Commentary on Parshat Devarim (Deuteronomy 1:1 – 3:22)
I was fired from my first rabbinic position for no other reason than the fact that I was being harassed and asked for it to stop. Just a few weeks later, during an interview for a new job, I could not contain my tears at moments. After the interviewing rabbi heard my pain and offered comfort, he gave me good guidance. He could not hire me, he said, not because I wasn’t qualified but because I wasn’t ready. I needed to do my own healing work before I could help in the healing of others. I needed to rebuild my resiliency so that I could once again meet the challenges of our helping profession.
My experience of trauma inhibited me from being able to be present in that interview and in much of my life. After time in therapy and prayer, walking in parks, and being with friends, I was able to build up my strength and resiliency so that I could do the sacred work of serving God and the Jewish people.
When I read the story of the children of Israel in this week’s Torah portion with a trauma-informed perspective, I understand why one generation was not ready to achieve its dreams and one generation could move into battle and on to the Promised Land.
The Book of Deuteronomy is Moses’ speech to the Israelites as they stand on the border of the land of Israel. Moses retells the story of their journey from slavery to freedom through the challenges and triumphs of the desert. In fact, Moses uses the same language when he tells the Children of Israel to leave Sinai and head toward the border of Canaan as he does 38 years later when he tells them it is time to head toward the Promised Land. Twice God tells them they have wandered long enough and must change directions. The same commands. Very different outcomes.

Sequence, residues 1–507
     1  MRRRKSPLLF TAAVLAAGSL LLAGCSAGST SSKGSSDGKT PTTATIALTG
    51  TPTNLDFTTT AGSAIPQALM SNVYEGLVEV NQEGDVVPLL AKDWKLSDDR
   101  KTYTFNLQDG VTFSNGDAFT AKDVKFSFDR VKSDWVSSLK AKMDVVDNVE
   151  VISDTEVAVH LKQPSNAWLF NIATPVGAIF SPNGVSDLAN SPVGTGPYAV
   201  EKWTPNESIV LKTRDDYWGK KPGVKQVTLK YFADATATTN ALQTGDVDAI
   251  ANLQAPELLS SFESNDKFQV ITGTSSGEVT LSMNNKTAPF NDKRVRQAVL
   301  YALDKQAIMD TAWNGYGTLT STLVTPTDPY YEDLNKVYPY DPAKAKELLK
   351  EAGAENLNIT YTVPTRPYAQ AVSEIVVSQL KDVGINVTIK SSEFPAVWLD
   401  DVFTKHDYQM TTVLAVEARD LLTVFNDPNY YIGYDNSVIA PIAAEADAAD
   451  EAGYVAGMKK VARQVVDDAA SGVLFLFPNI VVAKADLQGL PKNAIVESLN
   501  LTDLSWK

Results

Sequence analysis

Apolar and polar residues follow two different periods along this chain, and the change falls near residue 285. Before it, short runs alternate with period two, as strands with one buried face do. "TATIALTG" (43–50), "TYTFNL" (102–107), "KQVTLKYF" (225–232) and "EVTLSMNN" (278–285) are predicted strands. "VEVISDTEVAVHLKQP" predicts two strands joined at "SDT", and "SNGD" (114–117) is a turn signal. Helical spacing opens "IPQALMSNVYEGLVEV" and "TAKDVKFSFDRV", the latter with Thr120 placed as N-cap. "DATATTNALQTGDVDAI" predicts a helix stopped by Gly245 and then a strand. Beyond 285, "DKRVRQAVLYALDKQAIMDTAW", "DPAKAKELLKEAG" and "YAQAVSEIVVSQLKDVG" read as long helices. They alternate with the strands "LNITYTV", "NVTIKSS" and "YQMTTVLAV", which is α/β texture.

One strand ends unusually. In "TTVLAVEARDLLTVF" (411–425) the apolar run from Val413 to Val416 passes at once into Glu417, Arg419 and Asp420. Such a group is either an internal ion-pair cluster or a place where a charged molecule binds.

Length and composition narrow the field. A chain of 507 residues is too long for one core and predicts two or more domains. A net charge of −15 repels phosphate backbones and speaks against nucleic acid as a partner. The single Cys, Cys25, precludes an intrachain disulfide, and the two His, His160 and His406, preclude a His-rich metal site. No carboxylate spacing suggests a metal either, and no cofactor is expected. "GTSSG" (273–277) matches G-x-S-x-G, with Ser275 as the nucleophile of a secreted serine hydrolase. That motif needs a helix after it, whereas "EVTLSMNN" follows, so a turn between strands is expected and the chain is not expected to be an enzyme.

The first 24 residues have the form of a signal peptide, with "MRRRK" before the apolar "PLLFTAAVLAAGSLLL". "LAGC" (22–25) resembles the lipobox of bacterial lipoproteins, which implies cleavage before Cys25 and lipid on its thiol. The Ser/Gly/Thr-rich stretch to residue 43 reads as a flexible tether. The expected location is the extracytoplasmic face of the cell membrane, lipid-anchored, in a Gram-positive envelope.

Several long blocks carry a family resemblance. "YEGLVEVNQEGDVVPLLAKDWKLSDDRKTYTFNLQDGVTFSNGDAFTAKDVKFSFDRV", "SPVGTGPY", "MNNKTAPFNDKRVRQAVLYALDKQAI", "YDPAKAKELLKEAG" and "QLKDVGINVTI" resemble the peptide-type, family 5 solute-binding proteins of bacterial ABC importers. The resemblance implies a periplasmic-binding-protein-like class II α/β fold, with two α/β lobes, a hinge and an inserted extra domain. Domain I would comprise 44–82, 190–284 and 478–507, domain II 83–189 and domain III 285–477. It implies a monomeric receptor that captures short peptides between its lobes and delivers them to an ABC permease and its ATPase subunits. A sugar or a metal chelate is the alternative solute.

In chapter one, Moses relates God’s command back when Israel was at Sinai: “Rav lachem shevet bahar hazeh/ You have stayed long enough at this mountain. P’nu u’s’u lachem … Start out and make your way to the hill country…” Two years after leaving Egypt, the Israelites were unable to follow God’s commands. Struck with fear upon the report of the reconnaissance team they had sent to Canaan they said, “It is because the Lord hates us that God brought us out of the land of Egypt, to hand us over to the Amorites to wipe us out.”(Deut.1:27)
How is it that the Children of Israel could summarize their experience of God’s redemption from Egypt, God’s revelation at Sinai and God’s deliverance to the border of the Promised Land as God’s hatred of Israel and desire to destroy Israel?! The ultimate blessings that God conferred on Israel were experienced as traumatic situations that left Israel feeling alone, abandoned, despised, and threatened. How were they so blind to God’s love? Why couldn’t they experience the blessings of their experience?
Commenting on this verse, Rashi, citing the midrash Sifre, explains that “God loved you but you hated Him. As a common proverb says: What is in your own mind about your friend, [you imagine] is in his mind about you.’” As much as Moses told them not to be afraid and that everything would be ok because God was with them, they couldn’t comprehend this. They were stuck in the past, fearful of every threat, imagined or real, and unable to accurately understand the situation before them.